Building the future, one robotics student at a time
Vertz to be inducted in Trailblazer Hall
Way before STEM education became popular, Lauren Vertz was promoting science, technology, engineering and math. A 1976 graduate of Kettle Moraine High School and a 1979 graduate of the University of Wisconsin-Whitewater with a bachelor's degree in business administration and finance, Vertz stepped into the world of FIRST (For Inspiration and Recognition of Science and Technology) when her daughter joined the FIRST robotics team at Oconomowoc High School in 2000.
The team needed help with fundraising, "and that was something I could do," Vertz said. Now, long after her daughter graduated in 2002, Vertz is still working with CooneyTech Robotics Team 269 and has helped many other robotics teams along the way.
Vertz's involvement in FIRST prompted her daughter, Paula Kummrow of Ixonia, to nominate her for the 2013 Laser Trailblazer Hall of Fame.
"I think she's done a wonderful thing for science and technology education in Oconomowoc and probably much of Southeastern Wisconsin," Kummrow said.
Throughout the past 13 years, Vertz has helped numerous robotics teams in the area, including Kettle Moraine and Arrowhead, and provided countless FRC demonstrations. She has helped with VEX robotics, done judging for FIRST Lego League, and now is helping with Junior Lego League in Stone Bank, where her grandson goes to school, along with her work with CooneyTech.
Vertz served on the Wisconsin Regional FIRST Robotics Competition (FRC) Planning Committee for about five years, served as chairman for the committee for three years and was awarded the Outstanding Volunteer Award at the 2008 Wisconsin regional competition.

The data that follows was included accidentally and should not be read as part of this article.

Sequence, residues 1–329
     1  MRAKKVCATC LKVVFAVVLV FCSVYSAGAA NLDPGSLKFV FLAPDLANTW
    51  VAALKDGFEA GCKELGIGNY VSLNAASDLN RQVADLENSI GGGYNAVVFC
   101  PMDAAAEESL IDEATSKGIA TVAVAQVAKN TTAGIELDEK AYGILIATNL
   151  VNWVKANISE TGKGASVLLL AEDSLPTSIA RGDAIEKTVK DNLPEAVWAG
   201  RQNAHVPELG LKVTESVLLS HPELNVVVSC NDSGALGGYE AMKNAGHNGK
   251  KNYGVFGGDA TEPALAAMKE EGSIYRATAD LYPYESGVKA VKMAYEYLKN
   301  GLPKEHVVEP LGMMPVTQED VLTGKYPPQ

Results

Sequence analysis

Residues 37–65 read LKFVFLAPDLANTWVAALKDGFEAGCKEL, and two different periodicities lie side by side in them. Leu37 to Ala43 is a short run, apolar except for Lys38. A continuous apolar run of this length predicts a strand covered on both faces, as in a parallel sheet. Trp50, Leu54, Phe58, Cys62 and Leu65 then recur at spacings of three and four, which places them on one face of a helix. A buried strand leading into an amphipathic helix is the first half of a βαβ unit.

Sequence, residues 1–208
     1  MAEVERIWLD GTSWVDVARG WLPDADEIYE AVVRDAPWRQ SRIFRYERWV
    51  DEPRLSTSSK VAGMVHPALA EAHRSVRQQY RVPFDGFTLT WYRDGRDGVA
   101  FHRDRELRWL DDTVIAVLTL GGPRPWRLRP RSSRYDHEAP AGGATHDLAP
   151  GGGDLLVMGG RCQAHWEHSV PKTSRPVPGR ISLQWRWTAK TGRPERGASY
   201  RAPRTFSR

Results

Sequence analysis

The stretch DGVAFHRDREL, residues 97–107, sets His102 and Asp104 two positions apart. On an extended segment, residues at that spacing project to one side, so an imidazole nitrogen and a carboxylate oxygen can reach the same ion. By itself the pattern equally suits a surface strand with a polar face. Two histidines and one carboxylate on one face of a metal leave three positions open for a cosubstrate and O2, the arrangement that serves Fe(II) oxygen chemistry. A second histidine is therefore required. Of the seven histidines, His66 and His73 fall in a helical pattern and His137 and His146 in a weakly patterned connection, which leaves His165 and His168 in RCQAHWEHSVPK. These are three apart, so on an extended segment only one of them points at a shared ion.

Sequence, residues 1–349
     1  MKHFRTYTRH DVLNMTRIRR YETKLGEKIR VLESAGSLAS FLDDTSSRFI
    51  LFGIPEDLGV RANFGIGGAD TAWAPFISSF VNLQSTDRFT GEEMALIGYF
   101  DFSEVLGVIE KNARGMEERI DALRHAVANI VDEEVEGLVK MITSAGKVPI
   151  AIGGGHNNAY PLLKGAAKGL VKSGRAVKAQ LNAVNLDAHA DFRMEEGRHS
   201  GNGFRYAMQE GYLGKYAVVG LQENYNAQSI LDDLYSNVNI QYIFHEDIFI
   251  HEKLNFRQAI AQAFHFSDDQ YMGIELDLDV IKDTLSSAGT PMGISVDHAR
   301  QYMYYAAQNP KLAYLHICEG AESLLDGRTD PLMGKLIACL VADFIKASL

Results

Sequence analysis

The Oconomowoc Area School District recognized Vertz's efforts with the Dick Davis Friend of Education Award in 2004 for her voluntary contribution to education in the district.
When Time Warner Cable held a contest a couple of years ago to find people who have promoted STEM education, Vertz sent an essay explaining her work with FIRST robotics and won $5,000 for CooneyTech, which was shared between Oconomowoc FLL and VEX teams.
People ask her why she continues her volunteer work with FIRST even after her daughter has left the team.
"I think I get way more than I give," Vertz explained. "I think that I'm very fortunate to work with really interesting teenagers who are doing interesting things. They are so inspiring."
When people complain about the outlook of the future as younger generations take over, she sees a bright forecast. "It looks pretty good to me because these kids will solve the problems," Vertz said.
Vertz sees the hard work and ingenuity FIRST studentsdemonstrate. She knows what FIRST did for her daughter and has seen it turn quiet, shy kids into confident, capable youth.
"I felt like they (FIRST mentors) saved my daughter's life," Vertz said. "They gave her goals. The engineers adopted her. I've seen that happen with so many other students in the program."
When Kummrow joined CooneyTech robotics, she was in "a very bad place," she said.
"It literally saved me from failing out of high school," said Kummrow, who now has a degree in mechanical engineering. "The fact that she (Vertz) continues long after I'm gone is fantastic."
Vertz will be inducted into the Laser Trailblazer Hall of Fame at 9:15 a.m. Friday, March 22, in the KMHS west gym, along with fellow inductees Bill Meyers and John Mezydlo. Watch for stories on Meyers and Mezydlo in upcoming issues.
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